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Reminds me of what I did with my Phillips/Norelco cordless shaver a few years ago when the built-in Ni-Cads began to fade. When I took the unit apart I discovered that the batteries had been installed by the manufacturer in such a way as to prevent anyone from replacing them. I took this as a challenge to "my rights" as a consumer and after a few days of thinking it through plus asking key questions, figured out a way to successfully replace the worn out Ni-Cads with new ones. The shaver is now 18 years old and runs like new. Unfortunately, my Dad died two months ago and I inherited his much nicer, more advanced top of the line Phillips/Norelco shaver, which I had bought for him as a Christmas gift a couple of years ago. So my old perfectly good shaver now sits unused in a drawer. Guess it's time to give it away to someone else who could use a good shaver.
The moral is, never throw out a cordless appliance only because its batteries have expired; even if it's been designed to prevent them from being serviced.
Ken

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I looked into this and now have 2 options. 30 sub C cells @ 2.10 ea. for 2 battery packs plus shipping and my time to re-build them or my local hardware store has the drill, 2 batteries, charger and case for 60 buck on sale right now.

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habbi, you have the right idea. My first cordless takes batteries at CDN$89.95 each. Cells for rebuild about CDN$60 per pack. More powerful drill, case, 2 batteries, charger was CDN$129.95. The stuff is not worth fixing. (One of the reasons Toronto is in trouble for landfill space - nothing is worth fixing.) Bruce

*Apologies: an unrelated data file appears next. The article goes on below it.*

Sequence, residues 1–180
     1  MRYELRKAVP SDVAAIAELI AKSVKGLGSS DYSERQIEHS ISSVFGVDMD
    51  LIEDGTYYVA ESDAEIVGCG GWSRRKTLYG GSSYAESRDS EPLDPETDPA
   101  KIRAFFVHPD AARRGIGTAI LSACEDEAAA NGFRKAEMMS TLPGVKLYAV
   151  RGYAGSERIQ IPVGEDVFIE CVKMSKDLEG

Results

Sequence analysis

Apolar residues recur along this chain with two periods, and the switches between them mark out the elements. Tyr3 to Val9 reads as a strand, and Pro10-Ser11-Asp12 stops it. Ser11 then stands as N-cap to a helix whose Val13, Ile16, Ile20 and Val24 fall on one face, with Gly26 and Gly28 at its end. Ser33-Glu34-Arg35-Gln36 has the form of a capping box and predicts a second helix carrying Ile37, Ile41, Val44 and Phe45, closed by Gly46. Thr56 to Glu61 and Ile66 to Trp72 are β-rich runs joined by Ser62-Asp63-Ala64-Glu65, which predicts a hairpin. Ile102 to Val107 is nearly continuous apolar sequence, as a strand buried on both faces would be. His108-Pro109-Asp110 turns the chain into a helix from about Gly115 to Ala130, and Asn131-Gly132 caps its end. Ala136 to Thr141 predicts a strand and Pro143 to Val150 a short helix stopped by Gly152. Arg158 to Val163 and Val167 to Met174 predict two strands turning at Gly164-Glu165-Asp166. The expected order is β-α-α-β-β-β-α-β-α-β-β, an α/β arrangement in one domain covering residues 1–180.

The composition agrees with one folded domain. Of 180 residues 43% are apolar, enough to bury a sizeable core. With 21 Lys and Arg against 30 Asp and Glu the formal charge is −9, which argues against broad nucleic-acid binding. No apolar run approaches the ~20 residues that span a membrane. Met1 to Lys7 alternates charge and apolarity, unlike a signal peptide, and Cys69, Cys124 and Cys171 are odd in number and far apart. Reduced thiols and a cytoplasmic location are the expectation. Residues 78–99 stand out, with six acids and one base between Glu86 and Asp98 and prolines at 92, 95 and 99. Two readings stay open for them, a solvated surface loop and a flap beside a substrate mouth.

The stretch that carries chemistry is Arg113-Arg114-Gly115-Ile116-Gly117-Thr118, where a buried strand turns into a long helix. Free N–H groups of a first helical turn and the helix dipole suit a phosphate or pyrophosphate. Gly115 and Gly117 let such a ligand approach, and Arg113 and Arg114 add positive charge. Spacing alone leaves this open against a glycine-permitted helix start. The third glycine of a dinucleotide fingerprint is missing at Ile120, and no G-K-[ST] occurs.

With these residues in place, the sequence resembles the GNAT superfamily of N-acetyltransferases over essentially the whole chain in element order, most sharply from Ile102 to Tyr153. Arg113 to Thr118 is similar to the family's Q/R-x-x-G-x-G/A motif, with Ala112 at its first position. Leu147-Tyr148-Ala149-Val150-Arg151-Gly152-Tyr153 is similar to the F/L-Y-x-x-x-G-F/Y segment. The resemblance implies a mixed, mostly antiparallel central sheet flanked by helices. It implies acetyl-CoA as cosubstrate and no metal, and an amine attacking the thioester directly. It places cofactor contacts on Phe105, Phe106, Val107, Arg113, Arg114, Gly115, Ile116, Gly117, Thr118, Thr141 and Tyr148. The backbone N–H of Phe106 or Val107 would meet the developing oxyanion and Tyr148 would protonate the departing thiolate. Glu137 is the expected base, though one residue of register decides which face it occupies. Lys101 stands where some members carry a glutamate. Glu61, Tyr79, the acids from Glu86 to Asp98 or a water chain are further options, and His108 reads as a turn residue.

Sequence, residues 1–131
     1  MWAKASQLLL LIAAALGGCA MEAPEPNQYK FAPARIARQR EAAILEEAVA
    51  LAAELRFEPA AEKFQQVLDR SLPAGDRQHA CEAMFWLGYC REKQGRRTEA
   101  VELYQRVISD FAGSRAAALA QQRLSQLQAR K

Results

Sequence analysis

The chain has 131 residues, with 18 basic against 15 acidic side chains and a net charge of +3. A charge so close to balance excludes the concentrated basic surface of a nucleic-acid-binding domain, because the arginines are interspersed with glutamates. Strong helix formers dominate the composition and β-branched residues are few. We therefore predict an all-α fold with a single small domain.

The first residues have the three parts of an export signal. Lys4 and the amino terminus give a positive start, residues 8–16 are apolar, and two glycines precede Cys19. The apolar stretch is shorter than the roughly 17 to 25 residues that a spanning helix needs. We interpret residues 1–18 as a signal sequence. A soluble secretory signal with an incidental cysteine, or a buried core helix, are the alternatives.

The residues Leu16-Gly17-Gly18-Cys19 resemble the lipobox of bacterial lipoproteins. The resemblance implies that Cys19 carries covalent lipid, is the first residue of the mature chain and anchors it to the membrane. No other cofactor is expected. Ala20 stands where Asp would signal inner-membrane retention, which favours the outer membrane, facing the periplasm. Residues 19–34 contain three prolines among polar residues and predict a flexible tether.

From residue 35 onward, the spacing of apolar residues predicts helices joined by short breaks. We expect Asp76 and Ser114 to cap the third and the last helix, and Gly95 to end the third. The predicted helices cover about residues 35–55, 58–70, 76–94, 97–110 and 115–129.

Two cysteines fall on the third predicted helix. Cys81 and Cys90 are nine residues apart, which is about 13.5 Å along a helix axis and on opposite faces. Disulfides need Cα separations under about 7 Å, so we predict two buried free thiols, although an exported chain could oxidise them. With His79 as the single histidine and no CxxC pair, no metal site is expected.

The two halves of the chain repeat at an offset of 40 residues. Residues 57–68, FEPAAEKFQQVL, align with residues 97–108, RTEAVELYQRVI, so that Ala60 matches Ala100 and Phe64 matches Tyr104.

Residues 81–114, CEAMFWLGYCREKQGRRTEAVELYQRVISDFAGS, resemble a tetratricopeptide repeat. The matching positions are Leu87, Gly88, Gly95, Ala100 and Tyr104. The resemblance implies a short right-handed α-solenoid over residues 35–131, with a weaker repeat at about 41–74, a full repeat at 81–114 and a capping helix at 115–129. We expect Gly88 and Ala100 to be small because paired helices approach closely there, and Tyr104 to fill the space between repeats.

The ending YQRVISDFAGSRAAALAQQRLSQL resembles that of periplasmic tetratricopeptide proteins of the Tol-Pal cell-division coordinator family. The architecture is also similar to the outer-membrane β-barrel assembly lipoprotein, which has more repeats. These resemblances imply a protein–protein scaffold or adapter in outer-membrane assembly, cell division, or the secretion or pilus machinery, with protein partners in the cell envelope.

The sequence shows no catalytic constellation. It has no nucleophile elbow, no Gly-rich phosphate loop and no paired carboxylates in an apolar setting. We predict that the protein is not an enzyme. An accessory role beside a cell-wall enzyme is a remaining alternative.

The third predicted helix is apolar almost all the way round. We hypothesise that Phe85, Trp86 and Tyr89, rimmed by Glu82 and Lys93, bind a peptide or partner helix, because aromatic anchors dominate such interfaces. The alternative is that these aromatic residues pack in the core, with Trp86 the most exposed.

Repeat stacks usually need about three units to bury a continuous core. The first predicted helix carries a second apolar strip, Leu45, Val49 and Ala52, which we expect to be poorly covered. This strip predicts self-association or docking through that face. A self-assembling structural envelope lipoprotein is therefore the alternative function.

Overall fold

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Wow, you guys had better change your ways. We don't have that problem down here in the lower 48
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Edwin, something needs to change, but:
*** my favourite watch - crystal broke - parts not available. Watch replacement cost CDN$10.00. 25 yrs ago was going to get a crystal replaced on a different watch - $70 parts & labour - only paid $20 for that watch. *** table lamp needs a cord. 8 ft cable $3.50, cord end $3.99. Alternative is extension cord $2.99. Much less expensive to buy the extension cord and cut the female end off. Plus, no problems with the cable to end connection. labour is extra. *** large windows - frame rotting. Assuming the glass can be saved, $10,000 to rebuild the frames plus ongoing maintenance or do it over again. Replace complete with aluminum frames, low-e coating on the new glass (sealed double glazed units), $18,000, maintenance free. *** TV with built in VCR player - the tape drive quits. Repair is $105 parts & labour (30 day warranty). New TV with both tape & DVD is $200.00 (5 year warranty) *** Floor lamp with broken switch. labour to repair is $35.00 (no warranty). Replacement lamp $19.99 (1 year warranty) *** portable fluorescent light fixture with cord & switch, $15.99 (1 year warranty). Replacement ballast $17.99. (part only, labour to install is extra) (no warranty)
Too much stuff is not worth fixing.
You might want to take a close look at what happens to stuff nobody wants where you live (broken or unwanted appliances, kitchen garbage, waste paper, old tires, etc.). Many people groups & governments have a pretty spotty history on disposal. If you are in the US, then have a good look at replacement costs vs. repair parts & labour. For items other than cars, houses, & large boats, I suspect that labour costs are high enough to make repairs expensive compared to replacement (I suspect that if you look closely, you will find many common items are made in China) (It is said that years ago a city in Japan changed their name to Usa, so they could market their manufactured goods as Made in USA. Keep your eyes open, & look carefully.)